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Bob Mayer – Character: The People of your Story

New York Times Bestselling Author Bob Mayer gave a great presentation during Craftfest at this year’s Thrillerfest XI. Please forgive my butchered amalgamation of his words and my thoughts. He touched briefly on the industry; and how it is constantly changing. The E-book market, despite claims to the contrary, is alive and well. Bob made a great point for new authors: Discoverability is key. You have to find the means to get you book out there.

The core of his session was on character development. Character, he said, is pre-eminent. While creating your story, remember emotion is more important than logic. Emotion is what draws the reader in and makes them feel part of the story.

When developing your story, what should you focus on: plot or character? The mission or the man? Stories about characters tend to be better stories. Goals are what characters strive for; motivation is why they are striving. Every character thinks the story is about them . . . so what is each character’s motivation? It must be believable to the reader.

Bob also pointed out how an author needs to identify what the pathological need of a character is. This shows how they would react in a crisis. He had a great chart he broke down into traits, needs, and flaws. These three areas need to be shown to have a well-rounded, believable character.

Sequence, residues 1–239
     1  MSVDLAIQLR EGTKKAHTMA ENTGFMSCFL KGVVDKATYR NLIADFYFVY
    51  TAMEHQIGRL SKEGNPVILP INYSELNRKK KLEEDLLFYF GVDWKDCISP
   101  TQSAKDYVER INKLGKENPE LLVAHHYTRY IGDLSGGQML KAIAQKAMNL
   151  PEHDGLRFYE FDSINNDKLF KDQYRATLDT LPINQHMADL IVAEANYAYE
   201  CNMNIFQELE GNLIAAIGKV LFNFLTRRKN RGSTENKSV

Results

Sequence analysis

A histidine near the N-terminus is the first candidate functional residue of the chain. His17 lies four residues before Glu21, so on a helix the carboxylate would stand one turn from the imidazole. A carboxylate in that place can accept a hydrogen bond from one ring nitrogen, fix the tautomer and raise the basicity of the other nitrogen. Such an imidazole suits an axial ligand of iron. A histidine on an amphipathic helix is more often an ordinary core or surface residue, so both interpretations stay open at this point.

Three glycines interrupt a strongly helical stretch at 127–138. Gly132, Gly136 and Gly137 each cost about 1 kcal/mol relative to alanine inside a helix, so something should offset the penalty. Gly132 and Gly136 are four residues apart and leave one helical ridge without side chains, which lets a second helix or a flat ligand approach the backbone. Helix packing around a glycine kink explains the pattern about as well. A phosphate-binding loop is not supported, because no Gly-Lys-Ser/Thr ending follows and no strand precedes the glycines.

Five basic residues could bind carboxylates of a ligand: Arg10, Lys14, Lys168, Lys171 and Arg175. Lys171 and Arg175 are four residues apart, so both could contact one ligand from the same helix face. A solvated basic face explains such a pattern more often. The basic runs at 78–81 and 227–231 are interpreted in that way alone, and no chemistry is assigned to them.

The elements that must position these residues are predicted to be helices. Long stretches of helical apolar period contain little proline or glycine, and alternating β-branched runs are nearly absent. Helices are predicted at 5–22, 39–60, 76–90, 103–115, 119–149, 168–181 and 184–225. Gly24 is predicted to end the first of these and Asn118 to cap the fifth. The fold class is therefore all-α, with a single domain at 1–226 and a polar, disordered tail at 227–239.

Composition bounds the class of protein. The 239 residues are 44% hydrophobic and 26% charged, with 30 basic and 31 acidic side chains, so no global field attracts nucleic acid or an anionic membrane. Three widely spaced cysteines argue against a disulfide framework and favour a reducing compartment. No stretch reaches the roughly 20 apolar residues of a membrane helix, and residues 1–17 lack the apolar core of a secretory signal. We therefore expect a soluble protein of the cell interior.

TRAIT                                    NEED                                     FLAW

Idealistic                              To be the best                   Naïve

Understanding where your characters come from is another important component in character development. What is the key point in their life? Flesh out your characters background as much is possible. It’s not necessary to tell the reader everything about your character, however. In fact, less is better.

When developing your protagonist, he should be reluctant, empathetic, and should have some type of negative quality. You also have to identify what’s at stake for this person. What happens if he fails? And know that if he doesn’t change throughout the story arc, he will fail.

How do you build a great antagonist? Your bad guy should be human, even likable. He should also have a motivation such that if the character is removed from the story, the plot collapses.

Thanks for sitting through my brief recap of New York Times Bestselling Author Bob Mayer’s session on Character: The People of Your Story. For more on Bob, visit his website:




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